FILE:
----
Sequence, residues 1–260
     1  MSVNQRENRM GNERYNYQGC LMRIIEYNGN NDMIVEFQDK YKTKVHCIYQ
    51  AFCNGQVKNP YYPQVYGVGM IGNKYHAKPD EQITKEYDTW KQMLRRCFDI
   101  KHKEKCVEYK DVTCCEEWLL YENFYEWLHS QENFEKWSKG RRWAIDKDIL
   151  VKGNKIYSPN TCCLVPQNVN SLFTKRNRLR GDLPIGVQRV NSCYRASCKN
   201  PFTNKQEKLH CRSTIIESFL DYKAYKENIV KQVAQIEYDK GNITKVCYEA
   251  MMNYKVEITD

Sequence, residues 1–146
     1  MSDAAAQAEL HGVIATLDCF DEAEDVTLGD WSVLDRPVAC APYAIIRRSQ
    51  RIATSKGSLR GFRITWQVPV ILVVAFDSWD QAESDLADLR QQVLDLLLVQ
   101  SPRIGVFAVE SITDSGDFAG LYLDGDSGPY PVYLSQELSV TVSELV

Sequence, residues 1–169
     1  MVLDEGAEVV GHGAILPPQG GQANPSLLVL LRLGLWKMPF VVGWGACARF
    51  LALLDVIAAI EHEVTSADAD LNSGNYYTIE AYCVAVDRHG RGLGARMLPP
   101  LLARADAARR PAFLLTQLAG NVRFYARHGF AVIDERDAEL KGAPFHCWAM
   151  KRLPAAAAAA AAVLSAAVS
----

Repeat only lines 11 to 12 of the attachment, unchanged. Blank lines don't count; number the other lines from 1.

   101  SPRIGVFAVE SITDSGDFAG LYLDGDSGPY PVYLSQELSV TVSELV

Sequence, residues 1–169